EMBERSON, TEXAS. Emberson, a small farming community, is just north of the intersection of Farm roads 1499 and 1500 and seven miles northwest of Paris in north central Lamar County. It was named in honor of founder John Emberson, who arrived in the area in 1824. The community's post office was established in 1878. By 1884 the settlement had become important in cotton shipping and reported a population of 150, with three churches, a two-teacher district school, two physicians, a general store, a blacksmith shop, a cotton gin, and a gristmill. At that time John Goodgion served as postmaster, and mail arrived semiweekly. In 1889 the local school reported 148 students and four teachers. The community's population had increased to 175 by 1890, when there were also two new general stores. By 1892, however, the population was 100; that year residents reported a Baptist church, two new cotton gins, a new icehouse, another general store, and a drug emporium. The community's population was 133 in 1904, and the next year its post office closed. By 1931 the community had only four businesses. The 1936 county highway map showed four businesses (including a cotton gin), two churches, a school, a cemetery, and a cluster of dwellings at Emberson. In 1947 the community's population was fifty, and only one business was reported. By 1957 the school had been consolidated into the Central Independent School District. Emberson reported seventy-five residents in 1970 and eighty in 1975. In 1980 maps showed the community as a cluster of houses near the intersection of two dirt roads. Emberson reported eighty residents in 1990 and again in 2000.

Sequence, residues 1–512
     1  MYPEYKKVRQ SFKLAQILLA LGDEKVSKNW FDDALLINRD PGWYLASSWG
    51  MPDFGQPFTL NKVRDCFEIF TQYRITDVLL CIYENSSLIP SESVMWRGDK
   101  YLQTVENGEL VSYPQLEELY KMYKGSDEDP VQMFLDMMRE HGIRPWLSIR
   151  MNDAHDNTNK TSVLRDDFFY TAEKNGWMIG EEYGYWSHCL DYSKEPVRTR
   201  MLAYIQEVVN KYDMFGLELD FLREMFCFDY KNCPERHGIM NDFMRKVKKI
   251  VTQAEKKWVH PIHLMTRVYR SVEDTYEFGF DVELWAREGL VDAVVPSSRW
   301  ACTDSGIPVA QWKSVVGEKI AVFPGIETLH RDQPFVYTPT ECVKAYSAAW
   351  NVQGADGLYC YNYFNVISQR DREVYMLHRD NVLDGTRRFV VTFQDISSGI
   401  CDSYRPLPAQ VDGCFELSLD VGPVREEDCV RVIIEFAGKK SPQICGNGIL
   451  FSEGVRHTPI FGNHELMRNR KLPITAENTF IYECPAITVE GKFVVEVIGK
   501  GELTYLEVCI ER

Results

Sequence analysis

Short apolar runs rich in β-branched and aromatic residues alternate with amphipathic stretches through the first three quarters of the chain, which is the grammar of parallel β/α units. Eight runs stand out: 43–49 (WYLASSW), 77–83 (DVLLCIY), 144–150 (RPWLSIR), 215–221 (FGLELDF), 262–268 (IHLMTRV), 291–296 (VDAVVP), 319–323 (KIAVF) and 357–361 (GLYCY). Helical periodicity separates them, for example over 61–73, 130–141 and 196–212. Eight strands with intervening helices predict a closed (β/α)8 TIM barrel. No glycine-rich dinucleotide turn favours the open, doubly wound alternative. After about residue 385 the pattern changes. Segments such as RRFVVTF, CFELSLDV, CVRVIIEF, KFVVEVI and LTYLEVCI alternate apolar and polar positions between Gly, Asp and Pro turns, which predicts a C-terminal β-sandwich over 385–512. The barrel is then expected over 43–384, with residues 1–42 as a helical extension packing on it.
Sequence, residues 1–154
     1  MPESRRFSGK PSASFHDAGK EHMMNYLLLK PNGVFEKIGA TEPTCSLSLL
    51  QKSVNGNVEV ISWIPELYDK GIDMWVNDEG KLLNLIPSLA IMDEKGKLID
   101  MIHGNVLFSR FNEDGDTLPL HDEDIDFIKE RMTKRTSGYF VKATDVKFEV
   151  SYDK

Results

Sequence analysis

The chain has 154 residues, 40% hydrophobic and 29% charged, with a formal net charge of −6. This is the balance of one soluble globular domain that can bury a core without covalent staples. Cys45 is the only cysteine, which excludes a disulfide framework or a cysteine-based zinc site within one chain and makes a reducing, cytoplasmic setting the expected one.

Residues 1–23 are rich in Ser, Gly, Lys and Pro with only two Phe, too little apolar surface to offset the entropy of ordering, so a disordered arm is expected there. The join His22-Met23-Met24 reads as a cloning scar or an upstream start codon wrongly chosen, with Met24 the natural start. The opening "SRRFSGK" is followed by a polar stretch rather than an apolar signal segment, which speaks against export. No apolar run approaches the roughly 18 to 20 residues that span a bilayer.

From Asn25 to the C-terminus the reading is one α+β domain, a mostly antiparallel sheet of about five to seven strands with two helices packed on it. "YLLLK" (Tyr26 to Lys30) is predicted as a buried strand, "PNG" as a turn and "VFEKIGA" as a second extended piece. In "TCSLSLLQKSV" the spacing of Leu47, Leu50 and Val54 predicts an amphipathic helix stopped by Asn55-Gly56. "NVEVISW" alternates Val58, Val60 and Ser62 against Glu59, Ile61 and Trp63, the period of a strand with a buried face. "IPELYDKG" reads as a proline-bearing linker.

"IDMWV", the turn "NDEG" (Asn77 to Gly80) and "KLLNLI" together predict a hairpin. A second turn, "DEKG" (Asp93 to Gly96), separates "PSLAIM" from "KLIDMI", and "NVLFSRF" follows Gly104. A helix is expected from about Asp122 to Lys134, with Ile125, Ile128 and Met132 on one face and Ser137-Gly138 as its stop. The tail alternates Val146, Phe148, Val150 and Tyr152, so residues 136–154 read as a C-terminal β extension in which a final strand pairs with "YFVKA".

Thomas S. Justiss, An Administrative Survey of the Schools of Lamar County with a Plan for Their Reorganization (M.A. thesis, University of Texas, 1937). A. W. Neville, The History of Lamar County, Texas (Paris, Texas: North Texas, 1937; rpt. 1986).
The following, adapted from the Chicago Manual of Style, 15th edition, is the preferred citation for this article.Vista K. McCroskey, "EMBERSON, TX," Handbook of Texas Online (http://www.tshaonline.org/handbook/online/articles/hne17), accessed June 16, 2013. Published by the Texas State Historical Association.